In Bangalore to receive the Lifetime Achievement Award instituted by the Indian Institute of Cartoonists, Mr. Laxman was at his incisive best. "The 'Common Man' has not changed in the last five decades, and will not change, If he does, then he will become a terrorist. He remains the same, and has not spoken a word. Quietly watching the world, he represents the silent majority of India, who have no voice," the creator turned narrator as he spoke at length to presspersons here on Wednesday.

India, according to Mr. Laxman, has a great deal of humour. "You see a beggar laughing, even when he is starving. But other countries have lost this sense of humour. Britain, which started the art of caricature, is today very poor in its humour. Magazines like Punch have folded up."

Mr. Laxman, who once relished caricaturing politicians of the likes of Nehru, Morarji Desai and Indira Gandhi, found no personality in today's politicians. "They all look the same today," he quipped. But there were exceptions, Laloo Prasad Yadav and Jayalalitha.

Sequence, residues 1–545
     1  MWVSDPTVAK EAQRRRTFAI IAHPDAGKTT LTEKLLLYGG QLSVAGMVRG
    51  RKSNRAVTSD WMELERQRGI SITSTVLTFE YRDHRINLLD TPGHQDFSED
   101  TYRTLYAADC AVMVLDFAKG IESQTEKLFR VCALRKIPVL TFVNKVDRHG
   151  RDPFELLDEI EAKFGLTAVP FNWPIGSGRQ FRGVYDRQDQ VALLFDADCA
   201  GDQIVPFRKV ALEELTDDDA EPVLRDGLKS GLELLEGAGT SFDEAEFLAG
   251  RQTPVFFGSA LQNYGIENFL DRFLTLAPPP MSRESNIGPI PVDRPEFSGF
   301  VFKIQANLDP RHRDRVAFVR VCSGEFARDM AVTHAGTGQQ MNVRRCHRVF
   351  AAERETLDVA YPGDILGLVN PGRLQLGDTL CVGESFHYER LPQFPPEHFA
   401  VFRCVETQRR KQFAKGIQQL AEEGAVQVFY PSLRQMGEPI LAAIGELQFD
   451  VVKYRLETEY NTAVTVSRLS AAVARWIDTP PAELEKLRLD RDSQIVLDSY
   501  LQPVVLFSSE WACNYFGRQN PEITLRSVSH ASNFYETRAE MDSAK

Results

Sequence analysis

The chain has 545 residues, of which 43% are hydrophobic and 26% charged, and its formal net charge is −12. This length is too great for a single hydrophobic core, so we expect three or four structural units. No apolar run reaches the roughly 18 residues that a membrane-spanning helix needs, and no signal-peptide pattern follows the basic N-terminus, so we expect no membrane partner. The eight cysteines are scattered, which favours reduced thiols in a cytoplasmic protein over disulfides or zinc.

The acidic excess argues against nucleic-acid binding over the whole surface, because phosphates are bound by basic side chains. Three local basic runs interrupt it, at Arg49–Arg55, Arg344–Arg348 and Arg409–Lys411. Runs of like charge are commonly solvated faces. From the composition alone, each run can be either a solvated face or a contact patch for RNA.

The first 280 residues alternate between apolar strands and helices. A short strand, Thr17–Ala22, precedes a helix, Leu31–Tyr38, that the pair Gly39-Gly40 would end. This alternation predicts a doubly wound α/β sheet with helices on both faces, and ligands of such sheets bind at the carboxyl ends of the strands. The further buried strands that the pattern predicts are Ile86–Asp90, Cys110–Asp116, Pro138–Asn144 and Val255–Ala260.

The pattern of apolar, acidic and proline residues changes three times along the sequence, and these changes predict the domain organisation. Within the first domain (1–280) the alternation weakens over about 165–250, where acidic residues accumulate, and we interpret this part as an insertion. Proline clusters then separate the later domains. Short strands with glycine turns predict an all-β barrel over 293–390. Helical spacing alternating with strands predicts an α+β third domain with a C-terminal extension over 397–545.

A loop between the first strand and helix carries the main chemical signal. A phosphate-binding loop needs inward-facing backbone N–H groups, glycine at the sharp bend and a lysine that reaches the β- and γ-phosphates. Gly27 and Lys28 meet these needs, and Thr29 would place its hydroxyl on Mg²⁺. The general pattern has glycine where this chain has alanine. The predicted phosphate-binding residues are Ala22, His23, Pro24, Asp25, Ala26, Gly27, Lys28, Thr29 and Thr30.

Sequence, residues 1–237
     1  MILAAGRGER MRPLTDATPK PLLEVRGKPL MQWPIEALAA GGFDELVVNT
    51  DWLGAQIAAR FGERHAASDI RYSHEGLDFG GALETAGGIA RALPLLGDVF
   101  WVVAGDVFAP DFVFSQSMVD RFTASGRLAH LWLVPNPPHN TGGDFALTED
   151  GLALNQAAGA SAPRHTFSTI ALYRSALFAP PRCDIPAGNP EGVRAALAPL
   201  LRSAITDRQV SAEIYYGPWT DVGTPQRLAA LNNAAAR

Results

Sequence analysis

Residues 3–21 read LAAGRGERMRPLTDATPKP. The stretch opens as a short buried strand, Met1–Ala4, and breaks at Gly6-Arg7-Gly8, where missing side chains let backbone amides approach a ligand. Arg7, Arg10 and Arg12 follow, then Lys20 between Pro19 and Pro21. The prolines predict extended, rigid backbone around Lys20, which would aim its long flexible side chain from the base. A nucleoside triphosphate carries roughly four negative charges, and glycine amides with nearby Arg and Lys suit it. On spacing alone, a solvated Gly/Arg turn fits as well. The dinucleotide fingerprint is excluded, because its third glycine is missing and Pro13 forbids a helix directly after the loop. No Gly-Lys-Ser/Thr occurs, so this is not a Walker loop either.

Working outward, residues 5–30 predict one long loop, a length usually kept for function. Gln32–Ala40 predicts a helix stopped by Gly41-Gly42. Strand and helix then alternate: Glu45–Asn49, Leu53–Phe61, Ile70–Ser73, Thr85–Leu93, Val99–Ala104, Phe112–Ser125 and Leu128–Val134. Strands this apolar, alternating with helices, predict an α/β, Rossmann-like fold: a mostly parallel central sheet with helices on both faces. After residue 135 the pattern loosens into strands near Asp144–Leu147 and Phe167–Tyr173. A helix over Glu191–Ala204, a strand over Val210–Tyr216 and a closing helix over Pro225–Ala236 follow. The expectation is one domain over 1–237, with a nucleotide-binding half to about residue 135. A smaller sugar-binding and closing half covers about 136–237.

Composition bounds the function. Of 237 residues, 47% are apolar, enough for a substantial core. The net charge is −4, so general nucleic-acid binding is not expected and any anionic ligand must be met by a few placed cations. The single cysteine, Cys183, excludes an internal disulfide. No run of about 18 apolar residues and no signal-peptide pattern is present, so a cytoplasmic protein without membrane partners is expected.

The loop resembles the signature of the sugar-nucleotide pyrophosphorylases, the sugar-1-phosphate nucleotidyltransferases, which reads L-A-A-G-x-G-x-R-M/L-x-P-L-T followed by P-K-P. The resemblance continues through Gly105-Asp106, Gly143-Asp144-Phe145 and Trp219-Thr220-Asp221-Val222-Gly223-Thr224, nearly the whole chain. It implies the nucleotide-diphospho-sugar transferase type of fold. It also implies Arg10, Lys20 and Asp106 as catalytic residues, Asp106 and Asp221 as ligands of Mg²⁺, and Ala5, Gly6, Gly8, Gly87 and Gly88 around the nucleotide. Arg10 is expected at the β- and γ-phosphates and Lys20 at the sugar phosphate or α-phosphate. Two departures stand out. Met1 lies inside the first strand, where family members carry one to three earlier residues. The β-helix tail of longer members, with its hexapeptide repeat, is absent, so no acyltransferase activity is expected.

Getting personal Mr. Laxman turned to his crow the most intelligent bird, in his view. "The crow is the only bird I can watch. Others are plain dull. The crow, research has proved, can even count up to seven.

On the art of cartooning itself. Mr. Laxman knew the limits.

Asked whether the cartoonists have a "Lakshman Rekha," Mr. Laxman was positive. "Yes, you do not make fun of people who are physically handicapped." A good cartoonist he said, was one who observed and spotted the contradictions and paradoxes in human situations.

Back to terrorism, he recalled the terror tactics of some of his readers. "One fellow came with acid to throw at me once. The police were called to defuse it. Some have written to kill me.